Kodachrome Basin State Park is near Bryce Canyon National Park and is best know for its petrified geysers that were preserved as they blasted through layers of sediment and were filled up again by rock while the surrounding material eroded away. The National Geographic Society helped give the area the name of Kodachrome because it felt that it is a gorgeous area.
Kolob Canyon is the western canyon of Zion National Park; it is accessed by Interstate 15 north of St. George. Wondrous rock hoodoos with whimsical shapes are found throughout this beautiful canyon.
Minersville Reservoir State Park is near Beaver, UT which is north of St. George. People typically come here to boat, fish, swim, and camp.
A good portion of the North Rim of the Grand Canyon is actually in Utah. Since it is harder to access than the typical tourist sites, it is a great place to admire the beauty of the area without the crowds.
Pipe Springs National Monument is in Arizona. It mainly commemorates the history of Ancestral Puebloans and Kaibab Paiute Indians along with some Mormon pioneer history since these groups had significant influence on the development of the area.
Snow Canyon is one of Utah’s most beautiful state parks. Both ends of the canyon are a few minutes away from downtown St. George to the north and west of town. The canyon is known for its red, orange, and pink rocks. It even has an arch. People enjoy exploring the park by foot and bike using its pathway system.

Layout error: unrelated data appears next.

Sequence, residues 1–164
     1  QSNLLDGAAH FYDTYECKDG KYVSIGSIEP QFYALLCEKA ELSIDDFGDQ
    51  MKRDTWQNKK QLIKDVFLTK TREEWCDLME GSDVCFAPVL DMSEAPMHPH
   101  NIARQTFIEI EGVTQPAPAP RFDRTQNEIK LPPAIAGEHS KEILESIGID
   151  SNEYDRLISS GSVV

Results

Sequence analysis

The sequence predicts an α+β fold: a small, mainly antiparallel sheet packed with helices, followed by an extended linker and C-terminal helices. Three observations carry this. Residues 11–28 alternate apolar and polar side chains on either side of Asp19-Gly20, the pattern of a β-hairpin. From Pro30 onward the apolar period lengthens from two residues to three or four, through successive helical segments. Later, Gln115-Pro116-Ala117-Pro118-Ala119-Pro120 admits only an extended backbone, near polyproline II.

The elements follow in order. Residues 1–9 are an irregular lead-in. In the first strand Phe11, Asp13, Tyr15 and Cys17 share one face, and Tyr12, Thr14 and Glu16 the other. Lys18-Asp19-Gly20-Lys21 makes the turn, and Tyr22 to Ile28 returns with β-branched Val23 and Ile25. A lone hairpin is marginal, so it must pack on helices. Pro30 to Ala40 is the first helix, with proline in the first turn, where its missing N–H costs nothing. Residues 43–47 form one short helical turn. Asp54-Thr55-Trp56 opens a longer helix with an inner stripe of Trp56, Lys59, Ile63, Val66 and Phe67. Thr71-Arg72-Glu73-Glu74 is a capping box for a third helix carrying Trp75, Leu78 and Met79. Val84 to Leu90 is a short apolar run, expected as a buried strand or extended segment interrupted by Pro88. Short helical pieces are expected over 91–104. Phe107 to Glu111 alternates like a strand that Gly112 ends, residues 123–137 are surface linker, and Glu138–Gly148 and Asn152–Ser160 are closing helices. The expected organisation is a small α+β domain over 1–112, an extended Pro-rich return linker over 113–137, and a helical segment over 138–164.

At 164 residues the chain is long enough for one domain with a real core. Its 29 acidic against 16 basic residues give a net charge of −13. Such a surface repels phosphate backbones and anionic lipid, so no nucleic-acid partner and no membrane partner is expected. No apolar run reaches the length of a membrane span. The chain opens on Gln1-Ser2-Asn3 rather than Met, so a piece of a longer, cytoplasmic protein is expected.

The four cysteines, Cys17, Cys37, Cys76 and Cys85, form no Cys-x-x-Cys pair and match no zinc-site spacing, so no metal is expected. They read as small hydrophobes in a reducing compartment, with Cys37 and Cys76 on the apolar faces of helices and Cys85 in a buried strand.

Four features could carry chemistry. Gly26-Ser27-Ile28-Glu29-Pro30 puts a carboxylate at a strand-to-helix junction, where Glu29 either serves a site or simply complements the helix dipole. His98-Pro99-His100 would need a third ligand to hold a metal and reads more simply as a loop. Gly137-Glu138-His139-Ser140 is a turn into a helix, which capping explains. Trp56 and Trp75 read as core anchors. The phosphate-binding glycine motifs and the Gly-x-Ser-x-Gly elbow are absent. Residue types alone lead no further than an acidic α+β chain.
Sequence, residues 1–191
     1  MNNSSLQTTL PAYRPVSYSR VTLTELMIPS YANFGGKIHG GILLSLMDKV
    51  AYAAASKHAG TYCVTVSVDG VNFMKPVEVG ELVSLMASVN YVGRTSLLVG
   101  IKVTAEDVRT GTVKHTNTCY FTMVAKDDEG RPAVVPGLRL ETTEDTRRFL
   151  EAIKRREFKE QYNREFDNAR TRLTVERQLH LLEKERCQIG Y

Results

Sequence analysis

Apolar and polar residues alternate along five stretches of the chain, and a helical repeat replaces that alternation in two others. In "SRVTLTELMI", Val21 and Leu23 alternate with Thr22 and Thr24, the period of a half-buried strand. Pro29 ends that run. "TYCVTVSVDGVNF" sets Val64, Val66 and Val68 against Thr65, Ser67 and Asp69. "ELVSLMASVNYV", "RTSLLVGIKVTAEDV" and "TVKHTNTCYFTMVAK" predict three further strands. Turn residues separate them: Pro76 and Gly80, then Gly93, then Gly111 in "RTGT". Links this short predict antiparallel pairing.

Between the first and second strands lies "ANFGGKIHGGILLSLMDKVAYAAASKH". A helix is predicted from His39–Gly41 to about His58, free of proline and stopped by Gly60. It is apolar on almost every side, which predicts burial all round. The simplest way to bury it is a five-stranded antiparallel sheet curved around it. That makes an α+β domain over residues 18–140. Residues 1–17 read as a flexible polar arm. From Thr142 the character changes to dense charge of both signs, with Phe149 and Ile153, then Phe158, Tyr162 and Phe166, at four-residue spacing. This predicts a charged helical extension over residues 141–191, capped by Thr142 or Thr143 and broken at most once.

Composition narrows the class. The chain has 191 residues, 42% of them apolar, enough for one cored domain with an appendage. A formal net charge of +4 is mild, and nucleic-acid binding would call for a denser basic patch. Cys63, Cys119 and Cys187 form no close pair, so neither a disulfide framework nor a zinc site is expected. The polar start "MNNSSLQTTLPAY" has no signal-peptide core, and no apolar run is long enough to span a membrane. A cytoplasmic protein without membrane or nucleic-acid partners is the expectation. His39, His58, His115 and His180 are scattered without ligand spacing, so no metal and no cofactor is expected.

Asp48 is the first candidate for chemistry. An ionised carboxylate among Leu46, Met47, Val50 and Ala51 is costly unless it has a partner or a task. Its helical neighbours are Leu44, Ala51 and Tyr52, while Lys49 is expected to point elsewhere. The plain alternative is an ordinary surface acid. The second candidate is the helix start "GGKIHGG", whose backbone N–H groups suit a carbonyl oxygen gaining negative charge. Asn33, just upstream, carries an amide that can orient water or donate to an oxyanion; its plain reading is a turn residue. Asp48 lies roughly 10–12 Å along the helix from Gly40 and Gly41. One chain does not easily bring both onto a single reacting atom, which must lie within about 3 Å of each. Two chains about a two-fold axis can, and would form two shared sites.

Valley of Fire State Park is between St. George and Las Vegas and is only six miles away from Lake Mead. It is a beautiful area of red, pink, and orange rocks accented by desert plants and shrubs. Remnants of ancient Indians like the Basket Weaver people and Anasazi Pueblo Indians can be found here since they lived here long before.
Zion National Park is northeast of St. George. The entrances to Zion Canyon near Springdale and Kolob Canyon on Interstate 15 are both between 45 minutes to an hour away from the city. The national park is one of the top ten most visited in the National Park Service system since about 3 million people visit it annually.